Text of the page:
Recently, the evaluation of glymphatic system function using magnetic resonance imaging (MRI) has gained attention, with several methods being proposed for this purpose. Taoka, et al. developed a novel index for estimating glymphatic system activity using diffusion tensor image (DTI) analysis along the perivascular space (ALPS) signals6,7. The ALPS-index allows for the evaluation of the glymphatic system without the need for a contrast agent. It is based on the principle that minimal perivascular water diffusion corresponds to an index close to one, with the index increasing as perivascular diffusivity increases. This approach has been utilized in various studies to investigate the relationship between glymphatic system activity and cognitive function, as well as tracer uptake of amyloid imaging in AD patients and cognitively normal (CN) participants8,9,10.

In the present study, [11C]methyl-2-(4′-methyl-aminophenyl)-6-hydroxybenzo-thiazole ([11C]PiB) PET/MRI was employed to obtain information on amyloid deposition in conjunction with other biomarkers from multiple MRI sequences. DTI data were acquired using two b-values of 1000 and 2000. In the previous studies, standardized uptake value (SUV) and its ratio to reference tissue (SUVR) were used at several brain regions for their analysis9,10. However, our study implements the centiloid scale as a measure for amyloid deposition in amyloid PET imaging11. The centiloid scale offers a comprehensive overview of amyloid deposition throughout the brain, which is more indicative to whole brain glymphatic system dysfunction.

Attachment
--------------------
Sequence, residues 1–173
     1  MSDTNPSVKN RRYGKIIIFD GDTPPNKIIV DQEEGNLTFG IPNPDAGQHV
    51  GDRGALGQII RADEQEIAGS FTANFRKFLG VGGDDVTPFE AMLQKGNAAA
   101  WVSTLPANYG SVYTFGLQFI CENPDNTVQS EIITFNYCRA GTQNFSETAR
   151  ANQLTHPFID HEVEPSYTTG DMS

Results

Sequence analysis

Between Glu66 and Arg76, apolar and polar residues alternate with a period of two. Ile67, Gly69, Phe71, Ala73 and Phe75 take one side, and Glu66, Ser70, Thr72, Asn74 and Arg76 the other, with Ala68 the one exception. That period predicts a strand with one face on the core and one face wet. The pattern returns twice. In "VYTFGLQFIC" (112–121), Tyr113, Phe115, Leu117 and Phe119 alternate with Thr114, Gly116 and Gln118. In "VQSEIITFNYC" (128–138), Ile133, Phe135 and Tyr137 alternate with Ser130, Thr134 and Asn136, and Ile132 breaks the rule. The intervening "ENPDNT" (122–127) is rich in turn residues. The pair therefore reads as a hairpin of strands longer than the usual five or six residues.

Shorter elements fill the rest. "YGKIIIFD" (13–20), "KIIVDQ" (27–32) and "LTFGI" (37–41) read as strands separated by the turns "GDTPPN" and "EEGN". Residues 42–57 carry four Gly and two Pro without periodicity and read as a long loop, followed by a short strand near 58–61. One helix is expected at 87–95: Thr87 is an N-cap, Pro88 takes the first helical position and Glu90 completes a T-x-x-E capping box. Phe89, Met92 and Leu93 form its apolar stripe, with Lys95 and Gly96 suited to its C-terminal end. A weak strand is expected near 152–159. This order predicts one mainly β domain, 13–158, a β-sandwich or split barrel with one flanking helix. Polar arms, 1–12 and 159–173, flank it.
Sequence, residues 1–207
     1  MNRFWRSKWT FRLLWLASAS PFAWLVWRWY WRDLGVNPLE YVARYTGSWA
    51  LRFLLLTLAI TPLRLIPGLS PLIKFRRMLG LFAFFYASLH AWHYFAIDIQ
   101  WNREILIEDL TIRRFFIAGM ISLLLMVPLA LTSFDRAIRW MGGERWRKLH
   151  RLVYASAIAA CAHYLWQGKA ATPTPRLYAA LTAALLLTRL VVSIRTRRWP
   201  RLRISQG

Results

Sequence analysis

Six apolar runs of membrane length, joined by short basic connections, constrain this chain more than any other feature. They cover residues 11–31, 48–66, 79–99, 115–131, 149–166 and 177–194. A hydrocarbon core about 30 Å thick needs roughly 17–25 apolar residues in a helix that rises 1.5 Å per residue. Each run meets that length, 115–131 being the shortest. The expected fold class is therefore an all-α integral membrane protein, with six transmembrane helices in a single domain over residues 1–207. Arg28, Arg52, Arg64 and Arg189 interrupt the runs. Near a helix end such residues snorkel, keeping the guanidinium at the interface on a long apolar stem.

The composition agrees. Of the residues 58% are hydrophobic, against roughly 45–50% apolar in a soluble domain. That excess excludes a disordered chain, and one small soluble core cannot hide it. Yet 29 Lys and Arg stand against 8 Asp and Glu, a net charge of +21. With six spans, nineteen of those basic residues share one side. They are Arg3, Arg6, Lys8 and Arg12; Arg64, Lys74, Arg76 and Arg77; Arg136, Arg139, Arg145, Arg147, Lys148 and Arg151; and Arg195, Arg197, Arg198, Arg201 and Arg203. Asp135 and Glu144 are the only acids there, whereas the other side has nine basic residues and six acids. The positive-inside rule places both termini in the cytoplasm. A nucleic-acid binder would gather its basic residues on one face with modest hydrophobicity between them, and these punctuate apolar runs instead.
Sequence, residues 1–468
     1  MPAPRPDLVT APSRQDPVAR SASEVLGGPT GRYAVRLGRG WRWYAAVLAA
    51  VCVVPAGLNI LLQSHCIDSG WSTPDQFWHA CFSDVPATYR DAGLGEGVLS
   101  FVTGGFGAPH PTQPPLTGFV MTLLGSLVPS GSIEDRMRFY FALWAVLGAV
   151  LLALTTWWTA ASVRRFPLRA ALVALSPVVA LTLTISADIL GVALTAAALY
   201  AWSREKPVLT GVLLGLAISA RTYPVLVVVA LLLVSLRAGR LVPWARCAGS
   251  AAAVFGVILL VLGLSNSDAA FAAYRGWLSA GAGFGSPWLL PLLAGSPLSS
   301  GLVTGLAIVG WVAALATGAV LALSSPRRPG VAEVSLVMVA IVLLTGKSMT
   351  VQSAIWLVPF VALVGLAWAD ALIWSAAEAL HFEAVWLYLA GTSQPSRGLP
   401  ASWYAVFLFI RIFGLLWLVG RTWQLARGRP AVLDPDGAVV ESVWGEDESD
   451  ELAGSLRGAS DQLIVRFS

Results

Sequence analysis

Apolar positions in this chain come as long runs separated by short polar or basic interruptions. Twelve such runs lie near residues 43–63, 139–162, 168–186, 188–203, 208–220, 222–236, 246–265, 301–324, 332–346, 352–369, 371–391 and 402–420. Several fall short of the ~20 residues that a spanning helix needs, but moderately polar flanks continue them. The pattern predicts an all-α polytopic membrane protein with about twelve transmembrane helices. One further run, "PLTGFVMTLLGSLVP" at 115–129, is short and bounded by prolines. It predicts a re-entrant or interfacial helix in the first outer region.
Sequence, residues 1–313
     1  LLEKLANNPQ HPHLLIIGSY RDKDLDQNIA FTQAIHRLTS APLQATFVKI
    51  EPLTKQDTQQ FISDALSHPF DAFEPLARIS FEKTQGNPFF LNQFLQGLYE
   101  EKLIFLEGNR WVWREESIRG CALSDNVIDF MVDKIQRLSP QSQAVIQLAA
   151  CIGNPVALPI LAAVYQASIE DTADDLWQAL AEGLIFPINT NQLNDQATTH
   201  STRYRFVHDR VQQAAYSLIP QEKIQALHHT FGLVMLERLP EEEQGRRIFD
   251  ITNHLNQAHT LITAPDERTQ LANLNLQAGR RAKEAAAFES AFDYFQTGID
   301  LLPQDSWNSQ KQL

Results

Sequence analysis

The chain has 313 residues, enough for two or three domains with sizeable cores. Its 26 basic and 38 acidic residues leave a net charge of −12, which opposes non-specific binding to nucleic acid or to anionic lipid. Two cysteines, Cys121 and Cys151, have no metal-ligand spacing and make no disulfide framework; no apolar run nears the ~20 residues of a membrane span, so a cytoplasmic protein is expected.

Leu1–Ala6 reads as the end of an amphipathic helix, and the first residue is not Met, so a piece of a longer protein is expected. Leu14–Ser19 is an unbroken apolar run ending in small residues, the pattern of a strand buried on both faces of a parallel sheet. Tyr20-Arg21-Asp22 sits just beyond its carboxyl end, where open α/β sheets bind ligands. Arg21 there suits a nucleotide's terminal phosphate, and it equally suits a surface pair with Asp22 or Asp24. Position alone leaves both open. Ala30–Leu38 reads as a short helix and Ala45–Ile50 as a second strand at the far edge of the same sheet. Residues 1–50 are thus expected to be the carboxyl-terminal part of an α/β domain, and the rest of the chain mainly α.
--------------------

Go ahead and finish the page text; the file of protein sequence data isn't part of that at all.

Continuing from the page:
Material and methods

Subjects

Fifty-six patients (28 men and 28 women, aged 70 ± 11 years), experiencing cognitive decline, diagnosed either with mild cognitive impairment (MCI) or early Alzheimer’s type dementia (DAT) were enrolled in the [11C]PiB PET/MRI study to evaluate cerebral amyloid deposition for assessment of pathophysiologic changes in dementia. Additionally, 27 age-matched healthy volunteers (11 men and 16 women, 69 ± 10 years) were also recruited to form the CN group. All participants were interviewed to evaluate their cognitive abilities using the Mini Mental State Examination (MMSE). [11C]PiB PET/MRI scans were conducted on all subjects to observe brain accumulation of PiB and to acquire MR images simultaneously. The study was approved by the Ethics Committee of the University of Fukui, Faculty of Medical Sciences (study protocol No. 20170225), adhering to its guidelines (Ethical Guidelines for Medical Science Research with Humans) and the Helsinki Declaration of 1975, as revised in 1983. Written informed consent was obtained from each participant.

PET/MRI scanner